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Autonomous Navigation in Robotics: A New Challenge towards Social Robots

A special issue of Sensors (ISSN 1424-8220). This special issue belongs to the section "Sensors and Robotics".

Deadline for manuscript submissions: closed (31 March 2022) | Viewed by 8425

Special Issue Editors


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Guest Editor
Laboratory of Robotics and Artificial Vision, Department of Computer and Communication Technology, University of Extremadura, 10003 Cáceres, Spain
Interests: social robotics; robot navigation
Special Issues, Collections and Topics in MDPI journals

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Guest Editor
Aston University, UK
Interests: social robotics; human–robot interaction; deep learning
Special Issues, Collections and Topics in MDPI journals

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Guest Editor
University of León, Spain
Interests: social robotics; cognitive robotics; human–robot interaction

Special Issue Information

Dear Colleagues,

The future generation of robots needs a set of skills to carry out complex tasks autonomously. Among them, autonomous navigation is one of the fundamental capabilities with which these robots must be equipped. Robot navigation in real environments is not simple and has been the focus of the scientific community’s effort for decades. Robot navigation requires, among other functions, environmental perception, path-planning, moving between targets, and real-time reactions to unexpected events.

If people are also included in these real environments, the solutions are increasingly complex. Navigation is no longer limited to reaching the destination by optimizing, for example, the travel time or distance traveled; it must also take into account social conventions, such as not invading personal spaces or not interrupting a conversation. Social navigation is a new challenge for the scientific community and involves using different technologies and strategies: sensing, localization, mapping, approaching, people and object tracking, human–robot interaction, learning, etc.

This Special Issue aims to contribute to the state-of-the-art and present current application of robot navigation, with particular attention to social robots.

Dr. Pedro Núñez Trujillo
Dr. Luis Manso Fernández-Argüéllez
Dr. Luis Vicente Calderita
Guest Editors

Manuscript Submission Information

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Keywords

  • Perception and localization.
  • SLAM
  • Path-planning approaches for navigation in environment with people
  • Data fusion for mobile robot navigation
  • Sensor networks for mobile robot navigation
  • Human–robot interaction for social navigation
  • People and robot tracking for navigation
  • Adaptive robot navigation and control
  • Tracking algorithms
 
 

Published Papers (3 papers)

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Research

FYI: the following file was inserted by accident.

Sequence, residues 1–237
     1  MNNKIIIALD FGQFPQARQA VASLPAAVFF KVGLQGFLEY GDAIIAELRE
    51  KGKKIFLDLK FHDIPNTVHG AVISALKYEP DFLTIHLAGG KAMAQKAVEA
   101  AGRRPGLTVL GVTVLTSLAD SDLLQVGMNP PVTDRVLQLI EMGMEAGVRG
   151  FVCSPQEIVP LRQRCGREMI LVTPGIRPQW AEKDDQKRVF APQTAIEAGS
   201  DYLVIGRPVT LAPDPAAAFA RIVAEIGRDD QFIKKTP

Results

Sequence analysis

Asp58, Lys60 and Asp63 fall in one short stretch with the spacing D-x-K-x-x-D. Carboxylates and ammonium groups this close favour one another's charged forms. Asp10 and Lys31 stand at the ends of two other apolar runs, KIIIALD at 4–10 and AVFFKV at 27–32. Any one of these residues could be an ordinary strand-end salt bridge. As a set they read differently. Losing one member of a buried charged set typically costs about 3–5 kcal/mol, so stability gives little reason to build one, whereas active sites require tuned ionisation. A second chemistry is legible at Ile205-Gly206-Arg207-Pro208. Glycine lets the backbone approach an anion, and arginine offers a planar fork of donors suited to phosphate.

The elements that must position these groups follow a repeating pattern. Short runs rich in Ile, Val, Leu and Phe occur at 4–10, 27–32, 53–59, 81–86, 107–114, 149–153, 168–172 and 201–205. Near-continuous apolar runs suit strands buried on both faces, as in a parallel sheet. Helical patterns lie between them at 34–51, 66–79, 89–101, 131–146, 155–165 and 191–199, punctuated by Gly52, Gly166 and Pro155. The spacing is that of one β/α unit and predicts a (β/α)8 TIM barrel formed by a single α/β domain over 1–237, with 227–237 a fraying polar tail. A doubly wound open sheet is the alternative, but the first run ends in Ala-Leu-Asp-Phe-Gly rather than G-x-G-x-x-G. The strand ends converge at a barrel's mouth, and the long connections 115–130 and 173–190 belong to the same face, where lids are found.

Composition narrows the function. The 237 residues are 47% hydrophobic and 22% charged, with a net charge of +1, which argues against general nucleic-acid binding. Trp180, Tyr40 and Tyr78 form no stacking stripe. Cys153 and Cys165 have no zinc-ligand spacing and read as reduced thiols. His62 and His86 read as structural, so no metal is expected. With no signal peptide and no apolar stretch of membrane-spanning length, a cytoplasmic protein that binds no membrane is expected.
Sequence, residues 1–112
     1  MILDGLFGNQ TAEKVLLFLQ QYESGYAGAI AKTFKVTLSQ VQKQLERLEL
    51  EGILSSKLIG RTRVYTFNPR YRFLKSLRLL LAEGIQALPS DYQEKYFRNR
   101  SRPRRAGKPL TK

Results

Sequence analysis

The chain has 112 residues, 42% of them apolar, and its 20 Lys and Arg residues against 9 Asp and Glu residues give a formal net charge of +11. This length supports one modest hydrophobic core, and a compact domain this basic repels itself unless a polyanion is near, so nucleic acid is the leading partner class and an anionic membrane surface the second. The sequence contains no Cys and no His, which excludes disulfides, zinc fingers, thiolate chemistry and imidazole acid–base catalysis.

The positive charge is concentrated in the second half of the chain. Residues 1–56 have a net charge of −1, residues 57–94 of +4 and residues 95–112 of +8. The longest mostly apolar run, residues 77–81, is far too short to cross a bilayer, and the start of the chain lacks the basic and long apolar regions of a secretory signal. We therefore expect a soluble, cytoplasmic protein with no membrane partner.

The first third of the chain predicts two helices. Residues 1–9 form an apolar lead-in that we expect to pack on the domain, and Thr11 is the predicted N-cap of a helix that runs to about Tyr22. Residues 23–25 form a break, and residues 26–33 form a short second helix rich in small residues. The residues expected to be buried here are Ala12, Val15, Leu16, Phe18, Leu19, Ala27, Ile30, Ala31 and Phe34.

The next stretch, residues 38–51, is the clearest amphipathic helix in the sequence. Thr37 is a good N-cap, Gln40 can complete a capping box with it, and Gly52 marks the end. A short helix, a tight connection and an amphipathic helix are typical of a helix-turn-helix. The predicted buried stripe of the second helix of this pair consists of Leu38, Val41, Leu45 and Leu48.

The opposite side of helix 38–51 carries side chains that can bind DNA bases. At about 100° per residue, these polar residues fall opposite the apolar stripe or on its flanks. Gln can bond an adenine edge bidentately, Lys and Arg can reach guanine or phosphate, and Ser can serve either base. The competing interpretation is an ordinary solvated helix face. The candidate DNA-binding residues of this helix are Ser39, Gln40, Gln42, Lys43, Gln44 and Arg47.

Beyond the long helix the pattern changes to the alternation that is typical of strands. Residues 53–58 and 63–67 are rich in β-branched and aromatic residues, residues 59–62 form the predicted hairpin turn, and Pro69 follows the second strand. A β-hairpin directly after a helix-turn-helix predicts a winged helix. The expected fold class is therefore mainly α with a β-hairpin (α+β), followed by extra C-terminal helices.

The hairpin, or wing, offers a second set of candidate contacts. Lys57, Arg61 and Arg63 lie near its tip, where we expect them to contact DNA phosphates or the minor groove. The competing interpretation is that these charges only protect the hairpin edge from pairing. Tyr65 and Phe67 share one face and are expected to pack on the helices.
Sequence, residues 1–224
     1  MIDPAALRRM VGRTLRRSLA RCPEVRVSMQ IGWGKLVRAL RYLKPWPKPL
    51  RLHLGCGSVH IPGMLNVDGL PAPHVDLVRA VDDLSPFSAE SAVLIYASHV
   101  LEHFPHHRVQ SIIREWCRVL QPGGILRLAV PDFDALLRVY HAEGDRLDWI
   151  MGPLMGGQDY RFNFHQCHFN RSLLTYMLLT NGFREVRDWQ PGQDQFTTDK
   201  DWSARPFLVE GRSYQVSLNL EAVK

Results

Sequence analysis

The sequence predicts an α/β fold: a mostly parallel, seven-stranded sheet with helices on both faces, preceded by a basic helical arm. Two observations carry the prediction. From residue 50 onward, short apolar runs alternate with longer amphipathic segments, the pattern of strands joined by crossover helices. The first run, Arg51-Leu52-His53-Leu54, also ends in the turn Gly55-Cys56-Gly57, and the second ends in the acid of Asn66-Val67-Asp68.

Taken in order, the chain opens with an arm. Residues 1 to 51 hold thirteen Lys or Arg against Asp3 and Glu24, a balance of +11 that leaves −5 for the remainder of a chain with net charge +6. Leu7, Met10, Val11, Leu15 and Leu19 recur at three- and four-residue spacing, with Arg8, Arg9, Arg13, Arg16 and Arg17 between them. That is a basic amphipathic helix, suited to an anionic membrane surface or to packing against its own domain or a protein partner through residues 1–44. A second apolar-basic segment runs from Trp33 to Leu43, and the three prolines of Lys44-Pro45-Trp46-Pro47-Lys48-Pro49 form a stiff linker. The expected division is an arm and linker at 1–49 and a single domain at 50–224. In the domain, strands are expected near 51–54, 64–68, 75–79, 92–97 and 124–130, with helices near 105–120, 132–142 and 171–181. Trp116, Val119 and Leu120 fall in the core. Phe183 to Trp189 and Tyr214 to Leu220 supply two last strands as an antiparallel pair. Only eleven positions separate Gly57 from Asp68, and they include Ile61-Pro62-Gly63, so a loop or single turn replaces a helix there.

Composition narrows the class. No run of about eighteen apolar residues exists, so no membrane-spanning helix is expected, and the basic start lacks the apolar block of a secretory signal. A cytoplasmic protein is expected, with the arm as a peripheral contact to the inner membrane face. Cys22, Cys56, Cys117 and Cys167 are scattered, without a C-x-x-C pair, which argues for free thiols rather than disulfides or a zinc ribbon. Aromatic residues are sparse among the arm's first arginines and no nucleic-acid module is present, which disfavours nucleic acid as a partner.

26 pages, 5496 KiB  
Article
Waymarking in Social Robots: Environment Signaling Using Human–Robot Interaction
by Ana Corrales-Paredes, María Malfaz, Verónica Egido-García and Miguel A. Salichs
Sensors 2021, 21(23), 8145; https://doi.org/10.3390/s21238145 - 06 Dec 2021
Cited by 3 | Viewed by 2128
Abstract
Travellers use the term waymarking to define the action of posting signs, or waymarks, along a route. These marks are intended to be points of reference during navigation for the environment. In this research, we will define waymarking as the skill of a [...] Read more.
Travellers use the term waymarking to define the action of posting signs, or waymarks, along a route. These marks are intended to be points of reference during navigation for the environment. In this research, we will define waymarking as the skill of a robot to signal the environment or generate information to facilitate localization and navigation, both for its own use and for other robots as well. We present an automated environment signaling system using human–robot interaction and radio frequency identification (RFID) technology. The goal is for the robot, through human–robot interaction, to obtain information from the environment and use this information to carry out the signaling or waymarking process. HRI will play a key role in the signaling process since this type of communication makes it possible to exchange more specific and enriching information. The robot uses common phrases such as “Where am I?” and “Where can I go?”, just as we humans do when we ask other people for information about the environment. It is also possible to guide the robot and “show” it the environment to carry out the task of writing the signs. The robot will use the information received to create, update, or improve the navigation data in the RFID signals. In this paper, the signaling process will be described, how the robot acquires the information for signals, writing and updating process and finally, the implementation and integration in a real social robot in a real indoor environment. Full article